Cyber attacks aren’t just for big-name businesses. Cybersecurity threats affect all businesses, big and small. If you’re a financial advisor, you need to pay close attention to how you handle sensitive financial information.
Protecting your information and your clients’ information has never been more important. According to a recent survey from the Investment Advisors Association, cybersecurity is the biggest compliance concern amongst firms. A startling 83% of respondents named this threat as the most important issue for 2019. With news of the latest security breaches popping up every day, now is the time to prepare. Here are the top cybersecurity threats facing financial advisors in 2020 as well as what to do about them.
Why Do criminals target financial advisors?
Why do criminals target financial advisors instead of other service providers? Simply put, they’re following the money. Thieves are always on the lookout for ways to score big from their attacks, and financial advisors are a potential goldmine of data.
Another reason digital criminals target advisors is because of the prevalence of technology. Using the latest tech and communication tools is the new normal in this industry. While these wealthtech trends are outstanding resources when used properly, they can also become a weapon if you’re not careful. Luckily, a bit of education goes a long way.
1. Phishing Emails
The biggest threat is also the simplest: phishing emails. A phishing email is a fraudulent email that pretends to be a company or client in order to reveal personal information. The name itself comes from the visual of “fishing” for data through an email. While email can be a powerful tool, they come with risks if you’re not careful.
How to protect yourself: There’s not much you can do to stop these phishing emails from reaching your inbox. However, you can learn how to spot them. Look for any signs that an email has been faked, such as typos or a confusing email address. No service would ever ask for sensitive information over email. When in doubt, pick up the phone to confirm an individual or company’s identity.
2. Man-in-the-middle attacks
A man-in-the-middle attack is when someone gains access to your system or data through a public network. These leave your information and clients’ information vulnerable. While you don’t have to worry about this as long as you’re using a trusted, secure network, these attacks are very real on public wifi.
While remote working is common, especially today, be careful. Your favorite coffee shop’s wifi is not secure, and your information might be at risk.
How to protect yourself: If you’re using a public wifi network, invest in a Virtual Private Network (VMP). This allows you access to a secure network no matter where you are in the world.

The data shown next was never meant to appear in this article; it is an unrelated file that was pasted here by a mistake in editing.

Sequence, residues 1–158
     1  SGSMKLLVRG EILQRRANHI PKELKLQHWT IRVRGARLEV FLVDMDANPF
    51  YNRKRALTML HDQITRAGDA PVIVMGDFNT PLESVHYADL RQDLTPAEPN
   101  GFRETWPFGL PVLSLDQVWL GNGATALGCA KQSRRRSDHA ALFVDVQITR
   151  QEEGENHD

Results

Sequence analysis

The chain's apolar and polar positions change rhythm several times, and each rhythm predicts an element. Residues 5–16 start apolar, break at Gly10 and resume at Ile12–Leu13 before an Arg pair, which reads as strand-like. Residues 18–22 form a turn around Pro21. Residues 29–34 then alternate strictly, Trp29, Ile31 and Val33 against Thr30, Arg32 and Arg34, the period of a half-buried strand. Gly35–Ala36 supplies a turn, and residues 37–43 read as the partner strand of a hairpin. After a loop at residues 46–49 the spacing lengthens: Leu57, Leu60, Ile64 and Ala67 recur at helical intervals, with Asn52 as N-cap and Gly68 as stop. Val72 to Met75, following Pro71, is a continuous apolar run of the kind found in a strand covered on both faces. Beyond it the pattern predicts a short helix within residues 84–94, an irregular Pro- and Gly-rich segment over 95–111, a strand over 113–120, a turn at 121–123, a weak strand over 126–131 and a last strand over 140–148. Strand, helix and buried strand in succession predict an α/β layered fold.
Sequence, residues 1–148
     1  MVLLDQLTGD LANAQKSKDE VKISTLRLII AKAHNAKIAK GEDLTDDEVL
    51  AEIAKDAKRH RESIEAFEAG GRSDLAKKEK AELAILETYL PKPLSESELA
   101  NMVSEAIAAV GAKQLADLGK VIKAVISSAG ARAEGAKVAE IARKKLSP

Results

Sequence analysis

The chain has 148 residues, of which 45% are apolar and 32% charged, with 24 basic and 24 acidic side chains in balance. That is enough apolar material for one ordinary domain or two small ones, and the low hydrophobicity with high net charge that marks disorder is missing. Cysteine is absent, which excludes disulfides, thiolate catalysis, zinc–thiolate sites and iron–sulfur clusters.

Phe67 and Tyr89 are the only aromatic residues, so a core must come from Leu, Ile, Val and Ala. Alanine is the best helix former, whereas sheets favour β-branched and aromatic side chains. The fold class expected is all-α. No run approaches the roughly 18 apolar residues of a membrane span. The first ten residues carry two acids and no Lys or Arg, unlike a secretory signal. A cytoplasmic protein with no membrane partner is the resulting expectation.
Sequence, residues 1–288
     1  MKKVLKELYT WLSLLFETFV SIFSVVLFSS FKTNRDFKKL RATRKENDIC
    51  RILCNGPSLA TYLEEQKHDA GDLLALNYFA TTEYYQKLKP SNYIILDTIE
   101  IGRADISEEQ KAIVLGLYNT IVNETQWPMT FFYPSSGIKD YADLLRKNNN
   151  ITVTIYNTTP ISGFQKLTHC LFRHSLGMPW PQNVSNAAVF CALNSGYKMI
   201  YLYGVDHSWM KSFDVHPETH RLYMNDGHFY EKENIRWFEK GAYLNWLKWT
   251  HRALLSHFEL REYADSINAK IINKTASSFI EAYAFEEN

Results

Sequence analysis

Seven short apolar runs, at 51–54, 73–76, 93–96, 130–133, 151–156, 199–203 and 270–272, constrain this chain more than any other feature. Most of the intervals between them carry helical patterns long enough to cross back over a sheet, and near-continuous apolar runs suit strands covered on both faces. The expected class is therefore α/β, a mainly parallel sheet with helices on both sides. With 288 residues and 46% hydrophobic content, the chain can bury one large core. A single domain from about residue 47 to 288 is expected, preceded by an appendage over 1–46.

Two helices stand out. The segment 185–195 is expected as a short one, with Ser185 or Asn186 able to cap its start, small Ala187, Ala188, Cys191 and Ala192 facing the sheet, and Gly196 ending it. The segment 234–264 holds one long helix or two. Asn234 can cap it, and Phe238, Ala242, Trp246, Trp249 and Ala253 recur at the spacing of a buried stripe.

Ransomware is a type of malware (malicious software) that tries to scramble your data to extort a ransom from you. You can get ransomware through malicious emails or websites. You might not even know you’ve picked up ransomware until it’s too late.
How to protect yourself: Never click on any unfamiliar, suspicious links, particularly in emails. In addition, install and maintain anti-virus software. Finally, keep all of your data backed up and up-to-date.
4. Data leaks
Security doesn’t end in the office. With smartphones and other tech tools becoming a common part of our lives, we all need to be careful with how we use our own data and our clients’ data.
If our devices aren’t properly locked and secured, they can be stolen at any time. This could mean the device is physically gone (such as a lost phone) or it’s left in the wrong hands. Once data is leaked, there’s no telling what will happen.
How to protect yourself: Educate yourself and others about safe data practices. Ensure all of your devices have password protection. For portable storage devices, use encryption software to keep everything secure. Always keep an eye on your devices when traveling. Remember that criminals are opportunistic. A stray briefcase could be all it takes for a criminal to grab your device.
Finally, the last threat is hacking. Hacking is done in a number of ways, sometimes through malware and sometimes through forced entry (ie. criminals entering your password). It’s essential to stay vigilant about protecting your devices and your data.
How to protect yourself: Update your software and devices regularly to limit your risk of attack. For passwords, always use a secure, difficult passcode and update it regularly. Enable two-factor authentication whenever possible.
Protect your practice
Your data matters. It’s a myth that cyber-attacks only happen to large businesses. Today, it seems like data breaches are more common than ever. It’s up to you to protect yourself and your business.
When it comes to building strong relationships with clients, ensure they can trust you with their data. You’re the gateway to their finances. Make sure to use this information wisely and with proper security techniques. For more information on preparing your advisory for cyber threats in 2020, review the SEC’s cybersecurity guidelines.